I understood that she had to make a living, and currently I wasn’t contributing. After six months of this, I sent the letter.
    I’ve got the new manuscript out, and hope my next round is better. The moral of the story is don’t wait as long as I did. If you’re not a priority for your agent, you’re with the wrong agent.

  12. ~Nancy said:

    Anon 6:06,

    This sounds screwy to me, but maybe I’m reading your post wrong.

    Correct me if I’m wrong, but I think what you’re saying is that you have an agent, but said agent hasn’t done anything with the ms. that snagged that agent for you.

    I could understand if your agent told your plot is complex and needs to be edited big time. But 3 years? 3 years? I would think after a few months that your agent would be saying, “You need to cut this, this, and that. You need to bridge that, change a couple names.” And then she would have it ready to send out to publishers (which might take a couple of months to maybe a year, depending on the types and amount of edits).

    But I keep going back to that 3 year thing. Has your agent done anything with your ms? Suggested edits? Told you the publishers she sent it to? Told you what publishers thought of your story?

    Sounds to me like there’s not only communication trouble here, but that your agent has lost sight of you. Maybe her other clients are keeping her busy beyond belief, but why’d she take you on if that’s the case?

    Or maybe I’m missing something.

    I think I’d write an email asking her about where the ms. has been shopped (if it’s been shopped). If it hasn’t been shopped, maybe ask why.

    My gut reaction – and take this with a grain of salt, as I don’t have an agent – is to find another one. If you’ve waited 3 whole years, that’s 3 years you could’ve had your ms. shopped around and published! (Or maybe another ms., if the first one didn’t sell.) Send a polite, certified letter to your agent, telling her you don’t think it’s working out, and that you’d like to sever the relationship.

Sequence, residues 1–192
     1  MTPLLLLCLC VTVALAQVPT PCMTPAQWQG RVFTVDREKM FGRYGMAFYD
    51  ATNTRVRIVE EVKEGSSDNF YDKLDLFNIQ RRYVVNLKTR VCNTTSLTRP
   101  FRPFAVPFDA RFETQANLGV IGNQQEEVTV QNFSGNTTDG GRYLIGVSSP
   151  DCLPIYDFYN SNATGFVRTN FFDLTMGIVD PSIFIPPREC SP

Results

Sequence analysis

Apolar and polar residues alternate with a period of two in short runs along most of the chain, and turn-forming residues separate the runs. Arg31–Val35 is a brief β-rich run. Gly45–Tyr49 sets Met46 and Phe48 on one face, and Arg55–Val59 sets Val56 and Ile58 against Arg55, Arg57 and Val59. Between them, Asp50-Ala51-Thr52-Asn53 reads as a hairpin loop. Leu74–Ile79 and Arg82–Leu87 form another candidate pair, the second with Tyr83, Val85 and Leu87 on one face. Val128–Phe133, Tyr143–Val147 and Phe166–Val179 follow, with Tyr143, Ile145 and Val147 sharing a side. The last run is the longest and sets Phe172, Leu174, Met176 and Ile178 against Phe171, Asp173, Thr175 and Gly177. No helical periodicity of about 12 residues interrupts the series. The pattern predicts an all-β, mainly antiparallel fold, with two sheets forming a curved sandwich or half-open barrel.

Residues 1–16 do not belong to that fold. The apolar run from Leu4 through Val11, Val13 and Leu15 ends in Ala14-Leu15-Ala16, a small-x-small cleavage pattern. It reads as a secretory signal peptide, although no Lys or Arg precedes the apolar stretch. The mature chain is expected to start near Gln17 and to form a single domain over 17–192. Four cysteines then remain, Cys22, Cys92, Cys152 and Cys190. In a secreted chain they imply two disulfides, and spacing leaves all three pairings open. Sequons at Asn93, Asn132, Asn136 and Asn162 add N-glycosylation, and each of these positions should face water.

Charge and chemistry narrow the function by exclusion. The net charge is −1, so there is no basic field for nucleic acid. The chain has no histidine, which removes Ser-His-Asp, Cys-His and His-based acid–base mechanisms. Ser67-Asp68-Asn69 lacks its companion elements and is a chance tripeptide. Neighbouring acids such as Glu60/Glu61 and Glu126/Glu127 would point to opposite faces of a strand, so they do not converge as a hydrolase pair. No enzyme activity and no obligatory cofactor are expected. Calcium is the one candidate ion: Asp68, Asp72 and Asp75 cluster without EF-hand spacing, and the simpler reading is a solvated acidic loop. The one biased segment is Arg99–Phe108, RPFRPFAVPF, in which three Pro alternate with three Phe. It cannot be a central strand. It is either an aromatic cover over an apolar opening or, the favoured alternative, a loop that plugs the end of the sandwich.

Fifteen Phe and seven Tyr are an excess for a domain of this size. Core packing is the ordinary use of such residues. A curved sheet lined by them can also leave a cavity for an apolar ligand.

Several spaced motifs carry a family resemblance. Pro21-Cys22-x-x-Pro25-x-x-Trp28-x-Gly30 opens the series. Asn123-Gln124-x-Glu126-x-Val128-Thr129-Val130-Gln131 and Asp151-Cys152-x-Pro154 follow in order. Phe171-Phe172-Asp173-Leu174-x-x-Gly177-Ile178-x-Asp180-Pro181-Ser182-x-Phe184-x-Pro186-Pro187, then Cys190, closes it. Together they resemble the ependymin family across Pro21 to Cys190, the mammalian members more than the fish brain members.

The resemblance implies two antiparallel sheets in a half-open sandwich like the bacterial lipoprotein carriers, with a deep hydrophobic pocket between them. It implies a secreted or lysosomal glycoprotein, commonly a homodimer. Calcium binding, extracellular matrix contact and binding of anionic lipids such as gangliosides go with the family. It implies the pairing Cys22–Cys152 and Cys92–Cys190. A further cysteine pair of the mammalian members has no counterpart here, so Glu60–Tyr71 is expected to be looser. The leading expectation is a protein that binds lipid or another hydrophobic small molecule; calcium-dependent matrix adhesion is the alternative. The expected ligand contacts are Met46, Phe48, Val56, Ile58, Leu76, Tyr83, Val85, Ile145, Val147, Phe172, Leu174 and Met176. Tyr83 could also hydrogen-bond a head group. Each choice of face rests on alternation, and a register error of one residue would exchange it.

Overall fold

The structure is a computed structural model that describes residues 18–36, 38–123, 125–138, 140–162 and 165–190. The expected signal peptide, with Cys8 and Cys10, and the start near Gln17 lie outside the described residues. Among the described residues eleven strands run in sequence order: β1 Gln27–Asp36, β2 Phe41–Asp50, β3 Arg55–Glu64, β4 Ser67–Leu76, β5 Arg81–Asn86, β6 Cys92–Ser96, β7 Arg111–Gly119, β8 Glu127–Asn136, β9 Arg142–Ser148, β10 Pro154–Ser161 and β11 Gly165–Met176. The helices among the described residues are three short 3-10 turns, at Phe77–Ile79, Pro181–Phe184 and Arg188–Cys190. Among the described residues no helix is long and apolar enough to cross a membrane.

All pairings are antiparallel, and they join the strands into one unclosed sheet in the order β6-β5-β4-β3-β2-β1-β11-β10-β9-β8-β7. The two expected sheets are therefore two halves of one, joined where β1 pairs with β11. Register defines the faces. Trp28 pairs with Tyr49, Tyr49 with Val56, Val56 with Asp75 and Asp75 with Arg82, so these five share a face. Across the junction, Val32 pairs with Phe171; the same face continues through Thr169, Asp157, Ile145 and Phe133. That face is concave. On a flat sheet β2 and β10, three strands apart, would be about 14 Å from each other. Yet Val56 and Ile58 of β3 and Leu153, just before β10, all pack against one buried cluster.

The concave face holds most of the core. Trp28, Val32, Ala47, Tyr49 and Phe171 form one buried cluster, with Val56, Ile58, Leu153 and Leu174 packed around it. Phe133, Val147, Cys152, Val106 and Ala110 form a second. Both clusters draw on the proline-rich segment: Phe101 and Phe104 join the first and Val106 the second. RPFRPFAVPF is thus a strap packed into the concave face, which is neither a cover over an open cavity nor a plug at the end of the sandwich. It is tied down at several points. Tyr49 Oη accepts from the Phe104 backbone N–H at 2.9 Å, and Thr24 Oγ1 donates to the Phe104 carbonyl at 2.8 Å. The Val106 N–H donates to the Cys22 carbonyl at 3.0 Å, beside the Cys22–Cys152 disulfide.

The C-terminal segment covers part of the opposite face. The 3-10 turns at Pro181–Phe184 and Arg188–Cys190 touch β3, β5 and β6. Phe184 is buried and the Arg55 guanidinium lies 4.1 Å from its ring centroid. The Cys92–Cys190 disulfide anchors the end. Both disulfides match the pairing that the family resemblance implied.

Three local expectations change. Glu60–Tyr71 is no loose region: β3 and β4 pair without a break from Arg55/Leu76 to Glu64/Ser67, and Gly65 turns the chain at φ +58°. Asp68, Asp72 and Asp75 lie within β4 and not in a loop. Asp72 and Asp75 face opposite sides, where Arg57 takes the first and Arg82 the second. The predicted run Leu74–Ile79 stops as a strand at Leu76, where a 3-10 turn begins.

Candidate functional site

Depending on your contract (from what I’ve read), it’ll take 30-90 days for the severance.

    Yeah, I know it’s a hassle to put together a query and do the waiting game again, but if sounds to me as if you’re already losing time and energy. Time to cut your losses.

    Good luck!


  13. Janny said:

    The first thing this author should do is not “take a deep breath” and try to calm herself down…and then give the agent more time yet to respond. (!) The first thing this author should do is take that deep breath WHILE she’s dialing the telephone to call her agent and ask what happened.

    If she feels too uncomfortable to call for a simple status check to someone with whom she supposedly already has a working relationship…ya gotta wonder what mind games this industry, and this agent, is playing with/on the author’s ego!

    Why call rather than e-mail? Simple. Nowadays, if someone’s out of communication, it’s more more often than not a computer glitch. Ergo, if you send an e-mail, you haven’t solved a thing; she still can’t hear from you, nor you from her. Seems to me this is prime time, then, for her to get off the phone with Kristin and get ON the phone with her actual agent!

    Three weeks of no communication, in any sense, is nonsense. This is a business relationship, and you don’t let your business relationships languish like that if you want to keep them long.

    My take,

  14. Poor Struggler said:

    I can understand how Anon 8:24 feels, but I think all agents would treat any client they took on (for whom they haven’t yet sold anything) the same way. Until we make them some money, we are just going to be very low on their list of priorities. It’s frustrating as hell, but I don’t think any agent would act differently unfortunately, unless perhaps he is a brand new agent without many clients yet.

  15. Anonymous said: